The lakes can be visited independently but the others venues require a reservation. You can take an Imotski wine tour or contact Cromads to custom-book a complete Imotski tour.
Eating truffle scampi pasta in Opatija
One of the best meals of my life was at Ružmarin restaurant in Opatija, my first stop in Istria. Truffles are commonly harvested here meaning they’re served fresh at restaurants all over the region. I’m not exaggerating when I say I ate truffle pasta every day for a week!
The best portion was for €15 at Ružmarin. I also ate truffle bruschetta washed down with white wine. The staff were friendly and the restaurant was stylish yet chilled at lunchtime so I didn’t feel awkward dining alone. I would crawl over hot coals to go again!
Wandering the backstreets in Rovinj
Rovinj is heaven! I loved getting lost down the colourful alleyways, stumbling across craft stores and cute cafes. The views from the church of St. Euphemia are spectacular.
With so much pasta, pizza and gelato, I felt like I was in Italy and that’s NOT a complaint 😉
Hiking Srd Hill in Dubrovnik
I visited Srd Hill by cable car in September 2017 and although it’s a beautiful viewpoint, it was packed. When I came back in March 2022, the cable car wasn’t yet open so I hiked to the top. I had the whole place to myself. The hike was very rewarding with great coastal views the whole way.
Better yet, it’ll save you an extortionate 200 kuna (€27)!
Where to go next?
Another fantastic thing about solo travel in Croatia? It’s surrounded by other fantastic countries that are easily accessible. These include…
Bosnia & Herzegovina
Although Croatia and Bosnia are neighbours, they’re surprisingly different. Bosnia & Herzegovina receives far less tourism than Croatia and prices are cheaper. If you’re travelling on a budget, it could be an even better option!
With Ottoman influence, B&H is different from Croatia in other ways, too. You’ll see more mosques than churches and the food has more of a Middle Eastern influence. Highlights include the cool capital of Sarajevo, historic Mostar, the ‘open museum’ that is Pocitelj village, and the natural wanderlust of Kravice Falls.
I’ve only visited as part of a Bosnia & Herzegovina day trip from Dubrovnik but watch this space because I’ll be back VERY soon.
I had a fantastic first trip to Slovenia in May 2022. Although Slovenia is known for its spectacular nature, nothing about it is overhyped. Lake Bled and Lake Bohinj are two of the most beautiful places I’ve been!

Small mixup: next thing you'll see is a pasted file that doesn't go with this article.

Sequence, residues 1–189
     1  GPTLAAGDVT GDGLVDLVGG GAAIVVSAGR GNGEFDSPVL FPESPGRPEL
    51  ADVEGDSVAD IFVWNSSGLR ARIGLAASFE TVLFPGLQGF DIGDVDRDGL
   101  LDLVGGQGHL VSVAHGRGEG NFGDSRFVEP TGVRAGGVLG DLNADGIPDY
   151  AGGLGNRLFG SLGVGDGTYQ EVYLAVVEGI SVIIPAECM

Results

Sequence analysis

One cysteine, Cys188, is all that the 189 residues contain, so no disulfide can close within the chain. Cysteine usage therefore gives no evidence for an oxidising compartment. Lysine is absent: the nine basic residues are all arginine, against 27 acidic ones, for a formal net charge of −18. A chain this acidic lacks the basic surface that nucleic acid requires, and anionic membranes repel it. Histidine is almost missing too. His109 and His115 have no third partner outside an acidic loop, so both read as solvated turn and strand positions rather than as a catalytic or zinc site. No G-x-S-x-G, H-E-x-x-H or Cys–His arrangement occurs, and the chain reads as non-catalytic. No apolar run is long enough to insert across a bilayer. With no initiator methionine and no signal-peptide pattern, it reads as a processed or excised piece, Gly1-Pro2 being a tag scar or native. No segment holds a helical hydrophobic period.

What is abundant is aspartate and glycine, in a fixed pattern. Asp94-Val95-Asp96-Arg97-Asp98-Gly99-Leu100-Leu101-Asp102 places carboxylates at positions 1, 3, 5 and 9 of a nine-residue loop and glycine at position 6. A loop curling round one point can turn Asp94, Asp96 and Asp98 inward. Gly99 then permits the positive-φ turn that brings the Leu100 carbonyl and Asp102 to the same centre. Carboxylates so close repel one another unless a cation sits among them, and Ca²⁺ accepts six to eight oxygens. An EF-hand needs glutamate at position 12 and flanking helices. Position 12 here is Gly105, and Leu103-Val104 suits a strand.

Ljubljana is Slovenia’s lively capital, reminiscent of Zagreb, with hostels, nightlife and countless cafes and restaurants. Solo travellers will be pleased to learn Slovenia is a super safe country with almost no crime. It’s not the cheapest country in Europe but not the most expensive, either. Hostels start from €15 a night and main dishes in restaurants cost €7-12.
Despite it being the most expensive of these locations, I had a great time travelling solo in Italy. There are so many world-class destinations packed with history, culture and food. Major cities in Italy have hostels and decent public transport networks.
With Italy, it depends where you go. Certain destinations where you need a car, like the Dolomites, may not be budget-friendly destinations for solo travellers. Likewise, small but very touristic locations around Cinque Terre and the Amalfi Coast may leave you out of pocket.
Budapest can easily be reached from Zagreb on the Flixbus within 5 hours. It’s one of Europe’s coolest cities with loads going on for backpackers, plus it’s relatively safe (apart from a bit of pickpocketing in touristic areas) and affordable.
Three days in Budapest is a great amount of time to spend. Another benefit of visiting Hungary is getting stuck into the hearty local food and cheap drinks!
Don’t forget insurance!
Thanks for reading my guide to Croatia solo travel
- What to see and do in Split
- 21 best day trips from Split
- The best coffee shops in Split
- The best restaurants in Split
- Things to do in Trogir, Croatia
- The ultimate Krka Falls day trip from Split
- Fun things to do in Dubrovnik
- Visiting Lokrum Island, Dubrovnik
- A day trip to Bosnia & Herzegovina from Dubrovnik
- Top things to in Zagreb, Croatia
- 15 best Zagreb coffee shops
- Zagreb street art walking tour
- How to visit Plitvice Lakes as a day trip from Zagreb
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TRUSTED RESOURCES FOR VISITING CROATIA
Getting around by air – I use Skyscanner and search by month to see the cheapest dates.
Driving in Europe – use Rentalcars.com to compare car rentals in European countries (and all around the world).
Confused about visas? I use iVisa to check visa requirements and apply for visas online.
For trains, I use RailEurope. The search feature allows you to compare prices, and they show live departure times on the website.
For buses, I use FlixBus. Find journeys between European countries from €1!
Use Omio to compare trains and buses in one search. It’s so handy!
For hotels and self-catering apartments, I use Booking.com. You can filter by review score and price to find the best-rated budget places. For hostels, I use Hostelworld.com.
To save money on accommodation, I use Trusted Housesitters, a website that connects homeowners going away and travellers who can sit their homes & pets.
Browse tours and activities on GetYourGuide.
Need travel insurance? I use World Nomads. They cover 150 countries and have 24-hour emergency assistance.
Check out my resources page for more travel discounts and budget tips from my 10+ years on the road!